BY TOM SOMACH
A bill that would allow bars and restaurants in the State of Louisiana to hold Texas hold ‘em tournaments is headed to the State Senate for debate after winning approval from a State Senate committee.
The tournaments have been the subject of controversy because the State’s top liquor regulator says they violate Louisiana’s gambling laws.
Supporters of the bill say they don’t view the poker games as gambling as long as the bars and restaurants don’t get a cut of the wagering, the so-called “rake” that legal poker rooms and casinos take out.
The bill in question, sponsored by State Representative Warren Triche of Thibodaux, La., would allow the businesses to hold poker tournaments once a week for people at least 21 years old, as long as the owner doesn’t get part of the proceeds and doesn’t charge an entrance fee.
The bars and restaurants wouldn’t be able to operate the tournament, furnish supplies like cards and poker chips, or advertise beyond their regular business signs.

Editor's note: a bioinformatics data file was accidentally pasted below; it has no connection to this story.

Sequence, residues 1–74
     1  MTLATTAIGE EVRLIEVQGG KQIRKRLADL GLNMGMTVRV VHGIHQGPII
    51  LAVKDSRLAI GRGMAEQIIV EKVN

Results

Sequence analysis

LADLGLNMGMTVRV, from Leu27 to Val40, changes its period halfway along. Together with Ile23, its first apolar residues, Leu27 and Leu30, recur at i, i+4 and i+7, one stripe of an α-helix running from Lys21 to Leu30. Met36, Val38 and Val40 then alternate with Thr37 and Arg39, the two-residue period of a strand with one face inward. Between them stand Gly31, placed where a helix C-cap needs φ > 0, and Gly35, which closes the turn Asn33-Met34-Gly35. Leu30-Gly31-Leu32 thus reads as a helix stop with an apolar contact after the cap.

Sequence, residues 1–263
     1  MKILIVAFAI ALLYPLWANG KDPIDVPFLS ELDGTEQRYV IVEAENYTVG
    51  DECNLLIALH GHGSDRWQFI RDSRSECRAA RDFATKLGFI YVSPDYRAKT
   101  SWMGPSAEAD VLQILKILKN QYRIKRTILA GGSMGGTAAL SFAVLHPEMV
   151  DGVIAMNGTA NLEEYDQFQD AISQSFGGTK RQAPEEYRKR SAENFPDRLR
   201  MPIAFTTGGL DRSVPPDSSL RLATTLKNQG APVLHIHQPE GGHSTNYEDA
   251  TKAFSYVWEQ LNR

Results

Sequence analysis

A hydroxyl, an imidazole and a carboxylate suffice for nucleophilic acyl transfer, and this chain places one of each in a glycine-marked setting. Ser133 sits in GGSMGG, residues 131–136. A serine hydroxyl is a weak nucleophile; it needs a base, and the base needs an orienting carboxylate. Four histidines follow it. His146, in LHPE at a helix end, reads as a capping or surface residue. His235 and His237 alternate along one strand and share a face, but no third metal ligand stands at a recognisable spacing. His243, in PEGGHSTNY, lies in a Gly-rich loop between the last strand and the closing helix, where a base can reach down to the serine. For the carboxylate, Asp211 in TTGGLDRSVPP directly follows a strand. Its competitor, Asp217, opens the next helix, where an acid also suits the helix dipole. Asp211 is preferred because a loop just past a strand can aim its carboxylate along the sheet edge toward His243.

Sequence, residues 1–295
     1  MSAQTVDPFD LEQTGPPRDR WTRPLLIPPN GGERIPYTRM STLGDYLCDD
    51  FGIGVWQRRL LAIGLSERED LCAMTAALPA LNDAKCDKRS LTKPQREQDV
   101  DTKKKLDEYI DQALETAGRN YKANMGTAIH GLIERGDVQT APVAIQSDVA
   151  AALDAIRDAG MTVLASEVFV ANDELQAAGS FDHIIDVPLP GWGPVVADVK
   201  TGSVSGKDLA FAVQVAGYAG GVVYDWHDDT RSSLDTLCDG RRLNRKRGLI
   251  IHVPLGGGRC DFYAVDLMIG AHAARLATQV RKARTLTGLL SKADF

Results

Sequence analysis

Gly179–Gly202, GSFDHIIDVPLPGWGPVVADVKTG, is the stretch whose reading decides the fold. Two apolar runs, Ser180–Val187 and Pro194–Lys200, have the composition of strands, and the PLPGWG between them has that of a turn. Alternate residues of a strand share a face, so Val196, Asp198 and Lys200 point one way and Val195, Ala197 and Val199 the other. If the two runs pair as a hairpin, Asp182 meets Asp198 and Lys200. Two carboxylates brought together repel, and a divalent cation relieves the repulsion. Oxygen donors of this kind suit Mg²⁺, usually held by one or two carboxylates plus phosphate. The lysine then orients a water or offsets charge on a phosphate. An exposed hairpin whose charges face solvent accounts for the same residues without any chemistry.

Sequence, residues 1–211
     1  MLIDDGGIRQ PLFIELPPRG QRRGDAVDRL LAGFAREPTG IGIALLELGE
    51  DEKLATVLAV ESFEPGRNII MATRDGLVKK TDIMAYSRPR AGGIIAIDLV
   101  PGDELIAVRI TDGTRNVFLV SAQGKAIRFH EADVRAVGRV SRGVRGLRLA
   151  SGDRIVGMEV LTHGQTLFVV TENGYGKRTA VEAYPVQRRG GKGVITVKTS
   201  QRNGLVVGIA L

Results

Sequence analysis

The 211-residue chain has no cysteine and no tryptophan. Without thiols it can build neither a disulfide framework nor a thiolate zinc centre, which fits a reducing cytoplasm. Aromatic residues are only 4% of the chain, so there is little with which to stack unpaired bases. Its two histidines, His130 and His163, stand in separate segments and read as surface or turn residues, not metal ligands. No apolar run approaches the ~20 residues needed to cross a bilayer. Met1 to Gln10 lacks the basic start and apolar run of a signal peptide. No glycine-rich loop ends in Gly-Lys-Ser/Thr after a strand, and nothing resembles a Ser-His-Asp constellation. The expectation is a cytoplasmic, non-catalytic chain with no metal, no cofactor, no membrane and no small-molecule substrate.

Opponents say the tournaments would hurt charitable gaming operations, and they said the bill would expand gambling in Louisiana to more than 20,000 establishments.
Triche sponsored a similar bill last year, but it couldn’t get passage in the State House.
This year, the State House narrowly approved the measure.
A State Senate judiciary committee agreed to it in a 3-1 vote this week, sending it to the State Senate floor.
If it receives State Senate approval, it faces an uncertain future because Governor Kathleen Blanco has opposed it as an expansion of gambling.
Orleans Parish, the county where New Orleans is, is excluded from the bill.
New Orleans already has legal casinos.
(E-mail Tom Somach at [email protected])